Jul. 9—Twelve years ago, Joana Mari Narvarte's kidneys unexpectedly failed at the age of 14. She waited three years for a transplant, ultimately receiving one from her mother Marina Narvarte, the Lodi Chamber of Commerce's director of membership.
The family was told that kidneys from living donors last eight to 10 years.
Last week, Joana Narvarte found herself directly in the middle of that schedule when she received some bad news. The kidney her mother had donated nearly a decade ago was only working at 5% the capacity it should have been.
"It's crazy because I went to the (emergency room) for something completely separate, a total different situation," she said. "And then we found out that the kidney my mother donated was not doing too well. It was a very fast process of 'hey, it's only at 5%, we need to do something right away.'"
Joana Narvarte was admitted to the ER on June 29, and three days later, she underwent surgery to try to repair the failing kidney.
She was told she will now have to have her mother's donated kidney replaced. While replacement might seem like a simple and easy process, Joana and Marina know that it's not.
"In order to be matched with a donor, you have to be listed that you need one," Marina Narvarte said. "In order to be listed, she has to start dialysis. The dialysis center will put that together for her first. They're going to do all the testing, and they want to make sure she can accept dialysis again."
It's been nine years since Joana was on dialysis, and with the recent news that her kidney is failing once again, she was placed on peritoneal dialysis, in which the lining of the abdomen is used to filter blood through the body.
While she waits to be placed on a list of donation recipients, Joana will need to undergo dialysis every day for eight hours.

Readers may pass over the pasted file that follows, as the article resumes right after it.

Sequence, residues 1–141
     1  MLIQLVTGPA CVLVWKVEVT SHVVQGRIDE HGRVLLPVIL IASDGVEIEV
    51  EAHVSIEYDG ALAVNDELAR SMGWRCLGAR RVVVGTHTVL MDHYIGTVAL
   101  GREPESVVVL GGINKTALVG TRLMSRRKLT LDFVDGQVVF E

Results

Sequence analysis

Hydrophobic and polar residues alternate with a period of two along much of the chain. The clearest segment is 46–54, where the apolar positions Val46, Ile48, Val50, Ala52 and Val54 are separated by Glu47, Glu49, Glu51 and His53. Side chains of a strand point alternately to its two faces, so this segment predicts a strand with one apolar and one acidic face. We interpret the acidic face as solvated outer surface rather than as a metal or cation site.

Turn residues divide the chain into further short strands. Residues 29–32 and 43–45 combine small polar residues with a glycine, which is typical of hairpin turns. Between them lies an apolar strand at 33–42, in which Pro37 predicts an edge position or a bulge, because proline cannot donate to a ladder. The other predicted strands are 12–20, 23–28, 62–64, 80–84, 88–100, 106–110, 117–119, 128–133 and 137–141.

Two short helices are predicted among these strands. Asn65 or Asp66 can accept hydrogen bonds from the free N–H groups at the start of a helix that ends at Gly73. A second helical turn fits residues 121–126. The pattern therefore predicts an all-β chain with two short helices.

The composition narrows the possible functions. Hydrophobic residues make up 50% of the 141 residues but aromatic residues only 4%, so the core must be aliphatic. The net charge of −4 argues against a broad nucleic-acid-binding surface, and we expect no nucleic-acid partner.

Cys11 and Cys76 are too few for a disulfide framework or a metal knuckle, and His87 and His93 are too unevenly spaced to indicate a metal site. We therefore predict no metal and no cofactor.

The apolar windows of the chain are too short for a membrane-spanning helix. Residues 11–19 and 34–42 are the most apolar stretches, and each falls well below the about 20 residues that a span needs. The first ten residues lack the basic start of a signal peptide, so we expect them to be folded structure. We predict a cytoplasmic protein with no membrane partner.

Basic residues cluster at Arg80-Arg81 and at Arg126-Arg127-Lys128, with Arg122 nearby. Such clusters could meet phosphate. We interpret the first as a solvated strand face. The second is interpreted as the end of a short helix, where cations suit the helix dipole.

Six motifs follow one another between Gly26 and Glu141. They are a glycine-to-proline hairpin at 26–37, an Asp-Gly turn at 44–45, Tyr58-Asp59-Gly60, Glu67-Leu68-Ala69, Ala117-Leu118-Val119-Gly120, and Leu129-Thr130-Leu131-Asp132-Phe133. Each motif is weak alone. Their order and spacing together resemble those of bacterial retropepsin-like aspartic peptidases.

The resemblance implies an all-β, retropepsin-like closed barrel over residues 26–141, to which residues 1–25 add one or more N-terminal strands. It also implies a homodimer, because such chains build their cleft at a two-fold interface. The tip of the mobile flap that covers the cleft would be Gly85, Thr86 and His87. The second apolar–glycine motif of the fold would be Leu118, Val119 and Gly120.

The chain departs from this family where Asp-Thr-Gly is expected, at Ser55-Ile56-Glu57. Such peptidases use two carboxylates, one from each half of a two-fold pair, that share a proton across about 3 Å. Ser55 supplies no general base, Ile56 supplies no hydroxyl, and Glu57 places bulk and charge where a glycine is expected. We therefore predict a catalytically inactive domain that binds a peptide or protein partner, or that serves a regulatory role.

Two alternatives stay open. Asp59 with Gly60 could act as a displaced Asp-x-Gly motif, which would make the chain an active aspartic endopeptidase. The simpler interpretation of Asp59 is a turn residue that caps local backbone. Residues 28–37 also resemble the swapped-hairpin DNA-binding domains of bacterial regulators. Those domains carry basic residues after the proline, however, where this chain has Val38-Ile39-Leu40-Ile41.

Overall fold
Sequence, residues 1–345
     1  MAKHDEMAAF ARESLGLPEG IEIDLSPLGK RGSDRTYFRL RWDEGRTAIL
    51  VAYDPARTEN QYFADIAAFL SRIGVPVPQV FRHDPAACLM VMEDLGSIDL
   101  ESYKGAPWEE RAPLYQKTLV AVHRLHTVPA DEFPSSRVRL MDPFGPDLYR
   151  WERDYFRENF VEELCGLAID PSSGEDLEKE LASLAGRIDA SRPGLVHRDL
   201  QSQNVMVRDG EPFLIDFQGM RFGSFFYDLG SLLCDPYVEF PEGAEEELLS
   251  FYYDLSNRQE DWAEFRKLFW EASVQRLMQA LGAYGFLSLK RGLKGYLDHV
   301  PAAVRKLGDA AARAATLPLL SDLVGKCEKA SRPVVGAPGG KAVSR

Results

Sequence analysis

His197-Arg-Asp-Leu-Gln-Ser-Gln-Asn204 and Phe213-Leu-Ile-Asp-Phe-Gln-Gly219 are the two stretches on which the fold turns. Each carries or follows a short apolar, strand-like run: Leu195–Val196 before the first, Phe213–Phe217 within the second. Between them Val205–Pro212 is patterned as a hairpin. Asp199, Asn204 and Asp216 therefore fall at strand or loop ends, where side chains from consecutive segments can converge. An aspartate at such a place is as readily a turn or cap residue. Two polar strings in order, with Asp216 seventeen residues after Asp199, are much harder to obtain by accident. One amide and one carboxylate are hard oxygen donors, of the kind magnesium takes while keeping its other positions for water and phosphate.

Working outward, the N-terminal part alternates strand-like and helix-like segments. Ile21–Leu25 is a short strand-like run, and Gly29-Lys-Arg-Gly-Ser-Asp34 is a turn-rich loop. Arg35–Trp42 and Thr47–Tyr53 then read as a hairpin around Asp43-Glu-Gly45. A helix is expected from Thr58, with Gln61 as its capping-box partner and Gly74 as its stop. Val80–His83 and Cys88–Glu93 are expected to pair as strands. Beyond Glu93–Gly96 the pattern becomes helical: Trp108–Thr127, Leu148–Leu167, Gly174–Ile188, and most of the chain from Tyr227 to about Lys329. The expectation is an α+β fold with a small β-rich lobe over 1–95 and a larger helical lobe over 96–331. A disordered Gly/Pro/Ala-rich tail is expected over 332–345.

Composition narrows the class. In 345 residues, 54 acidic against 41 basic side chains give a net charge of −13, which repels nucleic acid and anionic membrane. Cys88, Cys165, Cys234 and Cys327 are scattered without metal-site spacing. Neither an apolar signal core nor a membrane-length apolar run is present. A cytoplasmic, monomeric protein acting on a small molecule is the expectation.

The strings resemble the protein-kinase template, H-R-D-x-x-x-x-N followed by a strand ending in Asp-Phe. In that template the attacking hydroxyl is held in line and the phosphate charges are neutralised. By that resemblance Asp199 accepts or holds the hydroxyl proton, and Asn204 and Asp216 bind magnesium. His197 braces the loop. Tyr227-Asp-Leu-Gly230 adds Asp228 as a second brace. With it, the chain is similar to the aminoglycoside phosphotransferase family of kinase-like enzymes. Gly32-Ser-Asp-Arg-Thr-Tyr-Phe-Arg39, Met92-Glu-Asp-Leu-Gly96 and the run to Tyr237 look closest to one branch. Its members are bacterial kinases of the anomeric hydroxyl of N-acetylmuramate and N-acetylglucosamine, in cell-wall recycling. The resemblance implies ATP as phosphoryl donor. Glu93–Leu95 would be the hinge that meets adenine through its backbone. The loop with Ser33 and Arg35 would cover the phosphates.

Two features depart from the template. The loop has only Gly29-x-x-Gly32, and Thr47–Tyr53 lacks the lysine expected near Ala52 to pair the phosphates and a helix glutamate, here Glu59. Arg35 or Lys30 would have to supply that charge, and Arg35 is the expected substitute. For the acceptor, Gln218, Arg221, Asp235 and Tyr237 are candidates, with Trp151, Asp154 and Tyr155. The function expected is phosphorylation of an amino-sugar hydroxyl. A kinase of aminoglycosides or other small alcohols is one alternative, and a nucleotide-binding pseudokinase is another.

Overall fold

"When you're on dialysis, it could be the biggest waiting day ever," she said. "It could be three to five years, 10 years. It really just depends on what's available. So this time, because it's the second time around, I could be on the list a lot longer. And a lot of times, patients who haven't had new kidneys yet get first pick."
A marriage family therapist and clinical counselor for at-risk youth, Joana recently earned a master's degree and was preparing to return to school in the fall to earn a doctorate.
Last week's prognosis has put Joana's life on an indefinite hold.
"Now we have to pause everything because we have a new priority to focus on and get her back to her normal life," Marina Narvarte said, adding that while the wait for a new kidney is going to be arduous, the family is not asking for a member of the community to come forward and donate.
Rather, mother and daughter want to be advocates and make the public aware that everyone who needs a transplant experiences a long wait time for replacements. That long wait time is due mostly to a shortage of organs, Marina Narvarte said.
According to a 2020 article published by Penn Medicine News, more than 90,000 patients were waiting for kidney transplants.
However, only about 20,000 transplants are performed each year. The article reported that 5,000 people on the transplant waiting list die annually without receiving a transplant.
"We wanted to share our story, and we want to share that if there's anyone we can help ... even if it's just to talk to them, it's okay," Marina Narvarte said. "We're blessed because (our family is) still whole and (Joana's) still with us, and she's fighting for whatever we have to fight."
Joana Narvarte isn't expecting a new kidney tomorrow, but she knows there are others out there who may be experiencing the anxiety of waiting to be placed on the transplant list, as well as those who would like to donate but have reservations.
She and her mother said if anyone needs advice, reassurance, or just a sounding board, they are willing to help.
"If it's within someone's heart to see if they match and go get tested, great," Joana Narvarte said. "It may not even be for me, which is totally OK. It might be for someone else who's been on the waiting list for five or seven years. We really just want to put the word out that we are people who have gone through this, and let others know that there are others like us, and we are open to help others become more aware or gain knowledge about this."
If you would like to speak to the Narvartes about donating, or waiting for an organ, call 702-408-2584 or email firstname.lastname@example.org.
To learn more about donating a kidney, visit the National Kidney Foundation online at www.kidney.org.